Saudi gives Salafism a PR makeover after 'extremist hijacking'
Events 300 years ago in a small, nondescript village outside Riyadh paved the way for seismic shifts in the Arabian Peninsula, the repercussions of which are still being felt today.
Addiriyah was home to a controversial, but then little-known, religious scholar named Mohammed ibn Abdel Wahhab, who formed an alliance with the local al-Saud family - which still rules Saudi Arabia today.
The location of this marriage of convenience is today set for a major overhaul, transforming the town's mudbrick district into a historical quarter and making Addriyah a cultural capital of Saudi Arabia.
The UNESCO site is where Abdel Wahhab first preached the virtues of a Lutheran-like austere way of life. By the end of this year Addriyah will include a foundation named after the cleric.
Saudi hopes the centre will be an "international hub for researchers in Islamic studies".
Three centuries' tradition
Abdel Wahhab espoused a completely inflexible variant of Islam that forbid iconography, music or lavish individualism.
It has become a state-sanctioned creed in Saudi Arabia, and now claims millions more adherents across the world, extending Riyadh's reach abroad.
"The new centre is an attempt by the Saudi Arabian authorities to reaffirm what they see as the legitimate interpretation of Abdul Wahhab's legacy, rather than to reclaim it, as that suggests they had already lost it," said Jane Kinninmont, deputy head of the Middle East and North Africa programme at Chatham House.
Salafism - or Wahhabism as it also became known - is once again being co-opted by the Saudi regime after suffering years of bad press after becoming associated with jihadi terrorism and beheadings.
"That's not just a pedantic point: it reflects the fact that this is a constant, dynamic effort," said Kinninmont.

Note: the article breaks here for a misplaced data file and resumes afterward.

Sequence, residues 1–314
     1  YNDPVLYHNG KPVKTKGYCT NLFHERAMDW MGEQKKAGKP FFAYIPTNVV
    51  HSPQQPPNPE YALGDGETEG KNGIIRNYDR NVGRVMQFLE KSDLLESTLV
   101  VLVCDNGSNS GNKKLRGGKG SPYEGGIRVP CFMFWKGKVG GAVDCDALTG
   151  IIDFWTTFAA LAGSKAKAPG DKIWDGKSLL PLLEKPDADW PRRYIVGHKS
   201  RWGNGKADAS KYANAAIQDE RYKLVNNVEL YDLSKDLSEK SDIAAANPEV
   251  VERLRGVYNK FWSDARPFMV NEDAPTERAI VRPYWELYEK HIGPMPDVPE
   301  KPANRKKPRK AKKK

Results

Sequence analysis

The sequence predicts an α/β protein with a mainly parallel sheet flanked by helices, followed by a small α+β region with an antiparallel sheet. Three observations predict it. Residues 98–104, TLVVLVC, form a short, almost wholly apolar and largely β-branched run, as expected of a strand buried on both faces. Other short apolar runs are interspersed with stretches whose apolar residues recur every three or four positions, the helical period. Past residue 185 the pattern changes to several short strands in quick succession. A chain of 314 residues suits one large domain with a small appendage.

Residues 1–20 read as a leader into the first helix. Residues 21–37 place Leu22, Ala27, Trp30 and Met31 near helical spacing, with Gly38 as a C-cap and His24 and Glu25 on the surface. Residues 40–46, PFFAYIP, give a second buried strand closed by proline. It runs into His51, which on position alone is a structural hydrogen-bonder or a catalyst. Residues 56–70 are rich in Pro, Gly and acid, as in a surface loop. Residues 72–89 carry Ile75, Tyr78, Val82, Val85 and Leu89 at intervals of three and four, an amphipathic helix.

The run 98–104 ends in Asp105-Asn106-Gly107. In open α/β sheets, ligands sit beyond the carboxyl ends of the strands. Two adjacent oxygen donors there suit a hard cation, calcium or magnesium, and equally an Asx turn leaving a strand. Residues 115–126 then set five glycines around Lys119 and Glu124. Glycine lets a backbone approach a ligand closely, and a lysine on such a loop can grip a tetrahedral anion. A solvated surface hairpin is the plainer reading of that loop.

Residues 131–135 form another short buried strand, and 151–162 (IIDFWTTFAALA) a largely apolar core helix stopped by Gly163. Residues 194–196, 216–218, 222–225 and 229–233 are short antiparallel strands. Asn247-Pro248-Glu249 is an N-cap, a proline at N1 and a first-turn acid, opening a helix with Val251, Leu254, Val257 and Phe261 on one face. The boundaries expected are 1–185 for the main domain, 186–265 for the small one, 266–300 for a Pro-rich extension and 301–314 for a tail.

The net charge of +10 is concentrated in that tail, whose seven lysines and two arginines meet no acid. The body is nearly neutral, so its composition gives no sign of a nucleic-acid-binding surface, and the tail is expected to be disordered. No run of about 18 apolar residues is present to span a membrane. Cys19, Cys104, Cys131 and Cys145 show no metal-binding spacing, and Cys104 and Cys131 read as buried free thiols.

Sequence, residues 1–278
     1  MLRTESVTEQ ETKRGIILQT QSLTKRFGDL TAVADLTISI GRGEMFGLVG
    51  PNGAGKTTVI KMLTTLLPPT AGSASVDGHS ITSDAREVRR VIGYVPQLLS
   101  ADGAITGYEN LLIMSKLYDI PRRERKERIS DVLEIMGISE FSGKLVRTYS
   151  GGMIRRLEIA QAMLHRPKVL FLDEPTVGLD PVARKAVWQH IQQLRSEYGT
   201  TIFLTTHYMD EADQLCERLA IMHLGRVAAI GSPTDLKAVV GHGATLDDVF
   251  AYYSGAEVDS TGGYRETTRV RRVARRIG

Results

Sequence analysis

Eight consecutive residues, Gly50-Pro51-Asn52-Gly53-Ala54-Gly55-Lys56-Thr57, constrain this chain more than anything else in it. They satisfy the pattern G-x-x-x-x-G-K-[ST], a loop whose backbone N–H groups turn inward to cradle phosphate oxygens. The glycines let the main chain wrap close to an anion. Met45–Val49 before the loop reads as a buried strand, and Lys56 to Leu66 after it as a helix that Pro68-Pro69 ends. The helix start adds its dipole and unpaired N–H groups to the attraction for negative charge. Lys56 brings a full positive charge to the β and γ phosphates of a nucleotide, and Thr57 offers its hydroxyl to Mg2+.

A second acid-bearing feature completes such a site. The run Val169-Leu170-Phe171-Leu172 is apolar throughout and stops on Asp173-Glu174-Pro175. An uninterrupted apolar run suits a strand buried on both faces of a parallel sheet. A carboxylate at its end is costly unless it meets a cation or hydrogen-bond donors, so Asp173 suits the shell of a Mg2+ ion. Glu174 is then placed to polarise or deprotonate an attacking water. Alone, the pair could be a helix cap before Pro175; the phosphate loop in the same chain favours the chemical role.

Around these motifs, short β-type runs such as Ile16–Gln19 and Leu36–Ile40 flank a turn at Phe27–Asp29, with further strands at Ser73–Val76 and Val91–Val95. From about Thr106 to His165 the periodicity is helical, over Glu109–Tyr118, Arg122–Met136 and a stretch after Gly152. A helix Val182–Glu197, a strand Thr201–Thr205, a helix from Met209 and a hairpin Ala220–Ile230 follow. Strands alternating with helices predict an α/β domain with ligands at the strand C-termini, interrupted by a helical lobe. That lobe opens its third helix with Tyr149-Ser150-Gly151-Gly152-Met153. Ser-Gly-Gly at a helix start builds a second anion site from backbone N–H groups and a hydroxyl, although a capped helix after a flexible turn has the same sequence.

"Saudi Arabia has been dealing with challenges from political Islamist groups since the 1970s, and has faced violent jihadi attacks within the country since 2003, so while the threat has flared up again recently, it is not something new."
The Middle East researcher believes that a "battle of ideas" has taken place in Saudi Arabia since the emergence of al-Qaeda and the Islamic State group as threats to the current world order.
After years of al-Qaeda attacks in Iraq and other places, sympathies for the group among Saudis shifted when the group targeted Riyadh's security forces.
Saudi Arabia has seen a more recent resurgence in nationalism, when suicide bombers targeted Shia mosques in Saudi Arabia and lost many supporters in the kingdom.
|Within Saudi Arabia's official and media discourse, al-Qaeda and IS are typically described as deviants.|
The Islamic State group is one of the greatest threats to the ruling Saudi royal family in many years.
Its self-proclaimed state in parts of Syria and Iraq - ruled by self-appointed "Caliph" Abu Bakr Baghdadi - gives its militants a base to target the kingdom, and the extremist group boasts thousands of Saudi members.
Now that Pandora's box has been opened on Saudi Arabia's border in Yemen, there is a very real possibility that the group could expand its presence in the country.
This brutal and extremist mutation of Wahhab's doctrine has seen slavery and public torture becoming commonplace in IS territories.
Abdel Wahhab books are also said to be widely distributed in Raqqa and Mosul.
In turn, Saudi Arabia - which has codified in law Wahhab's interpretations of Islam - has dismissed IS as being "Khajarites".
The Khajarites were a rebellious Muslim faction in early Islam that rejected all authority but their own.
Members - usually young men - promised death to rival rulers, particularly secular kings and sheikhs.